Design and Experimental Evaluation of a Panelized Brick Veneer Wall System for Serviceability and Safety Performance

Project: Research project

Project Details

Description

Brick veneer walls are expected to perform satisfactorily under various serviceability and ultimate conditions including wind driven rain, high wind loads, earthquakes, and in some cases, blast. Conventional brick veneer with steel stud backup is a popular type of construction for most non-residential buildings because of the advantages that the light weight steel stud construction offers. However, high wind loads and wind driven rain can potentially cause cracking of the veneer and corrosion of metal ties. Innovative solutions can address these and other concerns and expectations including design against blast loads and appropriateness of the design for performance based design methodology. A novel panelized brick veneer on steel stud backup (PBVSS) wall system has been under development at Penn State University to address multi-hazard load resistant design. While the preliminary design of the PBVSS concept has resulted in a promising panelized brick veneer wall system, refinements are needed to satisfy objectives such as rain screen design with pressure moderation, prevention of air leakage through panel-to-panel joints, water-tight interface of flashing and shelf angle shear keys, optimization of the structural frame part of the panelized system, and development of blast resistant design methods. The research will consists of a major experimental component and an analytical task, which involves development of a three-dimensional finite element modeling capable of capturing composite behavior and to be calibrated using test results. Full-scale experiments on PBVSS wall specimens under out-of-plane simulated high wind loading and also wind driven rain loading, in-plane earthquake simulated racking and out-of- plane ultimate capacity static loading will be conducted. The project will have a positive impact on prefabrication of building components with better quality and minimizing on-the-site construction, which will bring overall savings for the projects. It will also reduce scaffolding related accidents. Opportunities will be provided for undergraduate students (including female students) to work on the proposed project. An extra effort will also be made to recruit a qualified minority student. The PI will work with International Masonry Institute instructors toward training masonry contractor for construction of PBVSS wall system. Finally, the results of the study including video clips of tests will be made available to the public through PI's webpage.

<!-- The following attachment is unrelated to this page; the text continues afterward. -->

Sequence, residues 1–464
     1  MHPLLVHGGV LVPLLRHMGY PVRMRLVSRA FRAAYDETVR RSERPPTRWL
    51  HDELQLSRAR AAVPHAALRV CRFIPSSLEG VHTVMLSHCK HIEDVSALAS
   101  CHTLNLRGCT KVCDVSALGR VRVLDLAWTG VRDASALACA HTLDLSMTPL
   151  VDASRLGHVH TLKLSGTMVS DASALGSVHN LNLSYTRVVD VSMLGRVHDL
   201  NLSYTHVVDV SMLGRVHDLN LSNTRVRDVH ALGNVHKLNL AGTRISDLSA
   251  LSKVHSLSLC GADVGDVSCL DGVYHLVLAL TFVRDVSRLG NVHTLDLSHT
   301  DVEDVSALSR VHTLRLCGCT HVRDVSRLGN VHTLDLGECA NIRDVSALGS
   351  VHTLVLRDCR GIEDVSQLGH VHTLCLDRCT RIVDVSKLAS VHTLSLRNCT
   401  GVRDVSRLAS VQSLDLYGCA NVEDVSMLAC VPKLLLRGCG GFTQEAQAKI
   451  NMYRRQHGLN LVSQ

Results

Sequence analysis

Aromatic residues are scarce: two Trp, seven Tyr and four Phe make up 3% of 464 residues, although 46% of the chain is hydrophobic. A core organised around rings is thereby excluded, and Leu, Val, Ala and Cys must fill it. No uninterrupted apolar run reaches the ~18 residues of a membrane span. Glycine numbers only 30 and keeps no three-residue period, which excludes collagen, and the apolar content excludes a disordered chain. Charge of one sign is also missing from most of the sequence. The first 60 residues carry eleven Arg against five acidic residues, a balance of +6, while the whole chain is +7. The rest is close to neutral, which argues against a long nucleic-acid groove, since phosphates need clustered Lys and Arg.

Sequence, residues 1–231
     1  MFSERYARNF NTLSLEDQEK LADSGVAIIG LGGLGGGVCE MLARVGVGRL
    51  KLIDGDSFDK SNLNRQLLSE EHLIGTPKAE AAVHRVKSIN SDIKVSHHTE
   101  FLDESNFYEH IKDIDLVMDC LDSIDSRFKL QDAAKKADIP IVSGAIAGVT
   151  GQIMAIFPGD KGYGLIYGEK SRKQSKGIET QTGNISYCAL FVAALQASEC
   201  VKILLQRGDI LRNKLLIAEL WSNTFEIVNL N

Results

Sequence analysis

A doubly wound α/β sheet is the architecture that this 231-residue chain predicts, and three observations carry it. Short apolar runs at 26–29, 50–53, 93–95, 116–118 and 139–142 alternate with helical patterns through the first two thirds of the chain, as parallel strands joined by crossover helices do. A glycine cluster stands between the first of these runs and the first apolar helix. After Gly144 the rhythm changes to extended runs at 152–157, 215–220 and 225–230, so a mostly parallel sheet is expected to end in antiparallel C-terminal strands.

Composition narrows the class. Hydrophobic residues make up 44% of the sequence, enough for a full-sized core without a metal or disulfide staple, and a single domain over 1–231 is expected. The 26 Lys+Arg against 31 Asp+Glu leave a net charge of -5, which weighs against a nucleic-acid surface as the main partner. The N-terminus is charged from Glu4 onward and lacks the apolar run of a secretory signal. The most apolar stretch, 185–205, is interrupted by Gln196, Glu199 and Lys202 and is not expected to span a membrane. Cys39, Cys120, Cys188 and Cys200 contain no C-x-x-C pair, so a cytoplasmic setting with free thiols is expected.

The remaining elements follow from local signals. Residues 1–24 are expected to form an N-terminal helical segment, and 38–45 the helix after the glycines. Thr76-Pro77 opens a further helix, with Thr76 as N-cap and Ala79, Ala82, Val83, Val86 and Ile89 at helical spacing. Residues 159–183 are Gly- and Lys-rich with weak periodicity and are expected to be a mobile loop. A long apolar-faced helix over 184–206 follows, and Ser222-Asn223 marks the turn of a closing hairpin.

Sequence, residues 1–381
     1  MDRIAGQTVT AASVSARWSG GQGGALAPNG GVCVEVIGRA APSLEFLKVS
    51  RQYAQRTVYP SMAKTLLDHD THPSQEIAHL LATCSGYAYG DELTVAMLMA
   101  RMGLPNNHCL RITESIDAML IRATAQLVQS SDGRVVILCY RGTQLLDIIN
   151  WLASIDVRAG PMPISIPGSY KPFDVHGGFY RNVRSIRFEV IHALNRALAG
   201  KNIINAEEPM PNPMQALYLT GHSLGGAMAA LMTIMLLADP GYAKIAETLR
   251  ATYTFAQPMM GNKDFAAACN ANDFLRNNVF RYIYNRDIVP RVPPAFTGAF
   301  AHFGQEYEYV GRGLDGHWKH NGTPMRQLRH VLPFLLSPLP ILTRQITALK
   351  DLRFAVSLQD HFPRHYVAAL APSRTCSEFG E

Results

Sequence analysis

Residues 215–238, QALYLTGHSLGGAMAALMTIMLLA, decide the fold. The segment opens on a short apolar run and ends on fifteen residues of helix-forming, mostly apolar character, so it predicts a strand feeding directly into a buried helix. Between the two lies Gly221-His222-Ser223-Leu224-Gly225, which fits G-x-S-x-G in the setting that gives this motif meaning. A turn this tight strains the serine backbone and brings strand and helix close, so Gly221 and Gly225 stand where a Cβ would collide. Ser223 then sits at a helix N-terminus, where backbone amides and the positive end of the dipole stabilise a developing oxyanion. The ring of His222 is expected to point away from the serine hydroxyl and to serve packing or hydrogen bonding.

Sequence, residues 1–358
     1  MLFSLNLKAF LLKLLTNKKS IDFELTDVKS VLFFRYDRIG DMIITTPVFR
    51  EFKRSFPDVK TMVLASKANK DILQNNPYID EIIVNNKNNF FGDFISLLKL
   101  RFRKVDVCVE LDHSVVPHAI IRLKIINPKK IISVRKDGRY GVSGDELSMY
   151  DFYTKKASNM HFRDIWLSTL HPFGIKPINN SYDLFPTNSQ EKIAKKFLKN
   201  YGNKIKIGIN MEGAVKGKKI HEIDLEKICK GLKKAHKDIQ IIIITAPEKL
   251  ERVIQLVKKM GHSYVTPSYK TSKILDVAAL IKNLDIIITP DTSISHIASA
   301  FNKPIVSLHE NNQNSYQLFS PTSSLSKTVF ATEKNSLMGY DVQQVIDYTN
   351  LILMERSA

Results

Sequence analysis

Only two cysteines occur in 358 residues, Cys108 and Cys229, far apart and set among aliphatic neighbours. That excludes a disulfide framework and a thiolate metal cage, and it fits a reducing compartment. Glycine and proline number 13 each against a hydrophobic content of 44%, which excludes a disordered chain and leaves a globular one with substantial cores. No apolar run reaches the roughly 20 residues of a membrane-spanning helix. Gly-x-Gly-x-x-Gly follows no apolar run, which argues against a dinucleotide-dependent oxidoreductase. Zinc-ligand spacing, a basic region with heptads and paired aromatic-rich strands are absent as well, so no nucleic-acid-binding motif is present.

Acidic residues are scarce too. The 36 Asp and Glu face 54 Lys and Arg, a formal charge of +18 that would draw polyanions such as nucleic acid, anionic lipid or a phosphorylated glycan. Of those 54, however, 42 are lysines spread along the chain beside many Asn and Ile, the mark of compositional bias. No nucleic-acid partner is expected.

StatusFinished
Effective start/end date9/1/078/31/10

Funding

  • National Science Foundation: $162,000.00
  • National Science Foundation: $162,000.00

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